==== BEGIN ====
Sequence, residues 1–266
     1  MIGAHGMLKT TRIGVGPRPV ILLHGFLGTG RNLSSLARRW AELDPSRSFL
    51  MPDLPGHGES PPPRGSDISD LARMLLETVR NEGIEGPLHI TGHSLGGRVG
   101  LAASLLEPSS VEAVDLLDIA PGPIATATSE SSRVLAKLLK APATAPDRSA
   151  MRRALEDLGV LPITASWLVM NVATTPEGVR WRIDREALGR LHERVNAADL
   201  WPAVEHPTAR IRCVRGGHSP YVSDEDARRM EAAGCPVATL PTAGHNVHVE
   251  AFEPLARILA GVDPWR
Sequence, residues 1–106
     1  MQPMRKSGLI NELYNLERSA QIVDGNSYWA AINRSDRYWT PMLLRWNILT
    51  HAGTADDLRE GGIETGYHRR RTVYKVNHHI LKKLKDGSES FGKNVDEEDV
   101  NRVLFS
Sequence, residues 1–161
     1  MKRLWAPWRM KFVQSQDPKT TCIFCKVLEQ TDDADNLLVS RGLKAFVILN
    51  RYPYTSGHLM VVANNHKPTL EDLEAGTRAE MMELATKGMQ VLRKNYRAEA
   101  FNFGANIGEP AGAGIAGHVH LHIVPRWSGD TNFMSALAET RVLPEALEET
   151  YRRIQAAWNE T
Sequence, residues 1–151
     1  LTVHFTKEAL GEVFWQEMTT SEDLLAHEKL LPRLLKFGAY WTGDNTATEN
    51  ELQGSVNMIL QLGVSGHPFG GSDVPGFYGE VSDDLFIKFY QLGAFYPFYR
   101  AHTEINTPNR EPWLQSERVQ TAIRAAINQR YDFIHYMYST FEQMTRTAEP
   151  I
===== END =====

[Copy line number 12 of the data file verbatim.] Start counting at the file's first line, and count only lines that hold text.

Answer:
Sequence, residues 1–161